The Swiss city fighting over cowbells

Some residents have complained about the noise at night, but there are those who are more on their defense: This is not the first time the town has discussed this issue.

Aarwangen is a municipality of about 4,700 inhabitants located in the Emmental-Upper Aargau district, approximately halfway between Bern and Basel. Located along the Aare River, it has a medieval castle and everything you can imagine in a typical Swiss landscape, from green meadows to snow-capped mountains in the distance to cow pastures. Only cows They have become a problem As for some of the new residents, or at least their bells: two families have filed an official complaint with the municipality asking farmers to take them away at night because they are so noisy, which has sparked a certain controversy.

Nowadays, bells are no longer as necessary as they were in the past because cows are equipped with a microchip that helps determine their location, so there are those who no longer use them for a long time. However, along with the animals that wear them, they remain a symbol of Swiss tradition, as well as one of the objects most closely associated with the country and, above all, still viewed with a certain affection. That’s why the request to remove them created a file debate About traditions in Arwangen, where many families have moved in recent years from abroad or from other regions of Switzerland, attracted by the fact of being able to live in a more peaceful context, but also being able to reach Bern, Basel and Zurich in less than an hour by car.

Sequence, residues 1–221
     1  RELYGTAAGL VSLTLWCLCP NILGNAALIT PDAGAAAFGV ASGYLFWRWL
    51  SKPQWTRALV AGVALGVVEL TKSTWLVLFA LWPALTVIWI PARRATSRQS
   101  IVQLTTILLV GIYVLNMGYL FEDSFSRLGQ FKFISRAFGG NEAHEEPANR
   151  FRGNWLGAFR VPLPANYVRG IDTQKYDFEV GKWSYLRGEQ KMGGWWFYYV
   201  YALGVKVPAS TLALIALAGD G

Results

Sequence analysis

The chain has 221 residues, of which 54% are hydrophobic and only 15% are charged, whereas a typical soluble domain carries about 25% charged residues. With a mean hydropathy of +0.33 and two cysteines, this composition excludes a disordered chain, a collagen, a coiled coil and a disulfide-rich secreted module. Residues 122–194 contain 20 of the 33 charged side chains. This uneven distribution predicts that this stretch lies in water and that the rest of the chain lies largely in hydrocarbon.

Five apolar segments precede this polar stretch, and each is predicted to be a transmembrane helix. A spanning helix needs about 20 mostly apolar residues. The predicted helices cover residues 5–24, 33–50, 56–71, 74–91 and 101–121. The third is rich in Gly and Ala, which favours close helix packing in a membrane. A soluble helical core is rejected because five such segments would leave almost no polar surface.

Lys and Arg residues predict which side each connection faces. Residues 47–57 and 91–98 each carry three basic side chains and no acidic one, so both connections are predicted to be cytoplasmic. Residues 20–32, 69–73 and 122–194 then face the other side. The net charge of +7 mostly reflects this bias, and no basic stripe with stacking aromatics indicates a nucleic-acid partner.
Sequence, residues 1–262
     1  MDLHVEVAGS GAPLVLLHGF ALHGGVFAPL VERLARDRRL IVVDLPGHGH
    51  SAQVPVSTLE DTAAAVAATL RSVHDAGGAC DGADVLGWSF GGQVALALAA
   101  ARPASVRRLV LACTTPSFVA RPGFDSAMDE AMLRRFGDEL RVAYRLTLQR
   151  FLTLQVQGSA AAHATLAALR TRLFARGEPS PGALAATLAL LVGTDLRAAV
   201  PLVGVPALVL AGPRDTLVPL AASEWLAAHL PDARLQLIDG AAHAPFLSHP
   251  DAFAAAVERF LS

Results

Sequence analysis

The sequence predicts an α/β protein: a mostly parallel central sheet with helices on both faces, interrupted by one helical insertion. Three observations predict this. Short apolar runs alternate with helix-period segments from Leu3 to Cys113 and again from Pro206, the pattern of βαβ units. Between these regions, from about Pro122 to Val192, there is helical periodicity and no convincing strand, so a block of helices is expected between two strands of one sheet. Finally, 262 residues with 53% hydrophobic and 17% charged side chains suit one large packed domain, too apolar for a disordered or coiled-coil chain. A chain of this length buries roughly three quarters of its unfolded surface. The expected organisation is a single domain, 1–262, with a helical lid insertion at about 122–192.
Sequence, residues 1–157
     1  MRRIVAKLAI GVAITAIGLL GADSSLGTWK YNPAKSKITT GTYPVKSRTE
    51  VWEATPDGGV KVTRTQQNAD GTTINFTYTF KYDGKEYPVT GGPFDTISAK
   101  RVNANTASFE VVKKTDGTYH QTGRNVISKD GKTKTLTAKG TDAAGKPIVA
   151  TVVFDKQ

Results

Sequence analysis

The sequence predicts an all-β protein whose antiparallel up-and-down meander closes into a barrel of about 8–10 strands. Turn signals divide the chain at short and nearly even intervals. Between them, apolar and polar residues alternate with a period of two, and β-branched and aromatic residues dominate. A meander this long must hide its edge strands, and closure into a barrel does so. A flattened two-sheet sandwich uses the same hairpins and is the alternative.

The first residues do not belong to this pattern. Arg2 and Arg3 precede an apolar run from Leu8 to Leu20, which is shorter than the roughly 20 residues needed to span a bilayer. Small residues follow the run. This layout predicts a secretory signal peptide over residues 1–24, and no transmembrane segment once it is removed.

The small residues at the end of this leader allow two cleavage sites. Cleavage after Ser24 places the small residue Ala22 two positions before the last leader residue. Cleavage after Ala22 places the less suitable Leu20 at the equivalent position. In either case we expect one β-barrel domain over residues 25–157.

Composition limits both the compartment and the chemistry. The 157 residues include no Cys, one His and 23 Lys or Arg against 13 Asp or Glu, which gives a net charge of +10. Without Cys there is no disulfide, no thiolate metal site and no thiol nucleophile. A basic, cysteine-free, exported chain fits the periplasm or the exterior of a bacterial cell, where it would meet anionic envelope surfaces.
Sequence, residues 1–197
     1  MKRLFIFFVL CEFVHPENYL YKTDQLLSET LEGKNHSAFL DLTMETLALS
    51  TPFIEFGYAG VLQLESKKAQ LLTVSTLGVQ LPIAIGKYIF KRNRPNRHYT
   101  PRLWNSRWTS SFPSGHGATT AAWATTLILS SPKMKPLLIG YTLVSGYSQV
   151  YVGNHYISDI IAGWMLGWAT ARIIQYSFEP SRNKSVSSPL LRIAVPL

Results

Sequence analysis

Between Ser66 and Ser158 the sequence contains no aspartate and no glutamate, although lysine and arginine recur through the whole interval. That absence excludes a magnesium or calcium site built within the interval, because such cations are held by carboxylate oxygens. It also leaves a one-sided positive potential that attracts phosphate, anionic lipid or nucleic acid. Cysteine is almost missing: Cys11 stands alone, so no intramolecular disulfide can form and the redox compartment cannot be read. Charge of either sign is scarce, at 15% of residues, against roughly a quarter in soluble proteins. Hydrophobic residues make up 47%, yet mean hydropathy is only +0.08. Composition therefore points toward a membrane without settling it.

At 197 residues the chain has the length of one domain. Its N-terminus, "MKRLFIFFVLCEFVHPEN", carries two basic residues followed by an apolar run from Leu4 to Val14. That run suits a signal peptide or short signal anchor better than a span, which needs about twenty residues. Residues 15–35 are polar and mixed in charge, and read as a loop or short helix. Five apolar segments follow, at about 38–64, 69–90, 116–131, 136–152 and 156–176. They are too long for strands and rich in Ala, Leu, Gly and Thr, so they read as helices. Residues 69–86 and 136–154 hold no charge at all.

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Arwangen Mayor Niklaus Lundsgaard-Hansen said the farmer involved in the complaints took it as a “personal insult to him and his cows.” However, historic residents and local farmers – who are only five or six years old – have organized a signature collection and a public petition to ensure the cows continue to keep their bells, with the aim of “protecting and preserving the traditions of the place”. According to Andreas Baumann, one of the residents I interviewed BBC NewsAnyone who says they are bothered by noise “has a very romantic view of rural life” and should go and live somewhere else.

Within a few days, the petition had gathered more than a thousand signatures, and in December residents will meet for a final vote on the issue. However, speaking to public radio SRF, Lundsgaard Hansen said that one of the spouses had withdrawn their complaint, while the other intended to leave.

As the site mentioned, This is not the first time It is in Switzerland that the noise of cowbells is discussed. In 1975, the Federal Court, the highest legal authority in the country, imposed a ban on grazing animals with bells at night in residential areas, but in 2018 it ruled in favor of a farmer who claimed that the bells during grazing were part of a local tradition. . In 2019, the municipality of Bauma, near Zurich, decided that the bells could not be considered nuisance sounds, and therefore residents could not file complaints about them. However, in 2021, a court in the canton of Aargau ruled that it was not correct to exclude them from the rules on nighttime noise, forcing one farmer in the area to remove the bells from his cows by 10pm.

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second BBC News However, the story of the bells has to do with the fact that Swiss people tend to have a protective attitude towards their traditions. To give you an idea, the goal of the center Democratic Union Party, the right-wing, nationalist-conservative party that won the federal election two weeks ago, is to “Switzerland remains Switzerland». Thanks to the high standard of living and good job opportunities it provides, the country has attracted more and more foreigners, with the result that today a quarter of the country’s population is non-Swiss. People from elsewhere have also recently moved to Aarwangen, and are “less familiar with the rural way of life,” Lundsgaard-Hansen says.

– Read also: French law for the protection of sounds and smells of the countryside

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